The primary lesions are superficial pustules. Intact pustules can be difficult to find because they are fragile and rupture easily. Secondary lesions include superficial erosions, crusts, scales, epidermal collarettes and alopecia. The disease often begins on the bridge of the nose, around the eyes, and on the ear pinnae, before it becomes generalized. Nasal depigmentation frequently accompanies facial lesions. Skin lesions are variably pruritic and may wax and wane. Footpad hyperkeratosis is common and in some dogs and cats, this is the only symptom. Mucocutaneous involvement is usually minimal in dogs. In cats, lesions around the nail beds and nipples are a unique and common feature of pemphigus.

In this particular case, the distribution of the lesions was restricted to the trunk, consistent with the recently described trunk-predominant PF. This is a variant of PF that presents without muzzle/ nasal planum involvement and sometimes without footpad involvement. This variant is thus more difficult to differentiate from superficial bacterial pyoderma. The histopathological features in trunk-predominant PF are generally similar to those in ‘conventional’ PF. Involvement of hair follicles is described in both trunk-predominant and ‘conventional’ PF and may be prominent in facial PF. A predominance of follicular lesions has not been described for trunk-predominant PF so far and may be a unique feature in this case.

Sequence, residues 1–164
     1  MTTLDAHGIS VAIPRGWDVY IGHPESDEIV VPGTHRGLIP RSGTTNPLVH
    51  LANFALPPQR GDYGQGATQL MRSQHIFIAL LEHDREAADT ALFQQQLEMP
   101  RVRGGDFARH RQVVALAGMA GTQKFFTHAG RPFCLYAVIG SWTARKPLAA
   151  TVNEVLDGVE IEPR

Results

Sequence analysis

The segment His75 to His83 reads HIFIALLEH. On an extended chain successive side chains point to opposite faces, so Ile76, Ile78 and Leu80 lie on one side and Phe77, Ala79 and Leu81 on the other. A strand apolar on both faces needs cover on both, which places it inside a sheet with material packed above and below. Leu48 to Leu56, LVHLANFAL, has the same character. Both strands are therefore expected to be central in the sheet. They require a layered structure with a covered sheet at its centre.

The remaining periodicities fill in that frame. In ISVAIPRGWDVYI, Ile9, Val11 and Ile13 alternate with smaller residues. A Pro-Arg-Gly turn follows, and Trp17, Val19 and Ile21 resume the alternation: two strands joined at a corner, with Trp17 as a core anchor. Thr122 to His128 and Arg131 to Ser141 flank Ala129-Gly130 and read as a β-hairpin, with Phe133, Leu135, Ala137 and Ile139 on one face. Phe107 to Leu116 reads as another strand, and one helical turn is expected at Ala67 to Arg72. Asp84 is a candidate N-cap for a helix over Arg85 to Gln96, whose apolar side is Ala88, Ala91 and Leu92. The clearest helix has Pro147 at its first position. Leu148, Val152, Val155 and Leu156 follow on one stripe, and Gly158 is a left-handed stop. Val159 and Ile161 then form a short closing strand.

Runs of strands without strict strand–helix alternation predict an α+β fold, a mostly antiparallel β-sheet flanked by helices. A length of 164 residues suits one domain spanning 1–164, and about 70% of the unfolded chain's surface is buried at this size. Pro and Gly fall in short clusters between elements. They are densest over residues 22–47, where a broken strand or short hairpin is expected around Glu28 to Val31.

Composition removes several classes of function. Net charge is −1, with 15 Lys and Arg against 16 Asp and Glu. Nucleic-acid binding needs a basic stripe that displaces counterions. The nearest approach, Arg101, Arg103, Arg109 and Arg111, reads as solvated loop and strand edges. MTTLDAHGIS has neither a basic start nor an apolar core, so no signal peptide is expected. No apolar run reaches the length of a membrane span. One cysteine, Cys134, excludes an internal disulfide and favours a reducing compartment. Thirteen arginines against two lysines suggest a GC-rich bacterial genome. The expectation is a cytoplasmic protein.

Possible differential diagnoses based on clinical picture

Differentials include demodicosis, superficial pyoderma, dermatophytosis, other autoimmune skin diseases, subcorneal pustular dermatosis, eosinophilic pustulosis, drug eruption, dermatomyositis, zinc-responsive dermatosis, cutaneous epitheliotropic lymphoma, superficial necrolytic migratory erythema, and mosquito bite hypersensitivity (in cats).

 Diagnosis

  • Rule out other differentials.
  • Cytology (pustule): neutrophils and acantholytic cells are seen. Eosinophils may also be present.
  • Antinuclear antibodies (ANA): negative, but false positives are common.
  • Histopathology: intra-/ subcorneal pustules containing neutrophils and acantholytic cells, with variable numbers of eosinophils
  • Immunofluorescence (skin biopsy specimens): detection of intercellular antibody deposition is suggestive, but false-positive and false-negative results are common. Positive results should be confirmed histologically
  • Bacterial culture (pustule): usually sterile, but occasionally bacteria are isolated if secondary infections are present

Histology sampling with suspected PF

Make sure that intact pustules are collected, otherwise the diagnostic features of the disease will be obscured by erosion and ulceration of the epidermis. Choose a punch biopsy instrument that is wide enough to capture the pustule in its entirety, otherwise the roof of the pustule will float off. If this is not possible, take an ellipse/ wedge biopsy.

References

Gedon et al.: Histopathological characterisation of trunk-dominant canine pemphigus foliaceus, and comparison with classic facial and insecticide-triggered forms. Vet Derm (2023). DOI: 10.1111/vde.13174

Medlau and Hnilica: Small animal Dermatology. A Color Atlas and  Therapeutic guide. 2nd edition (2006).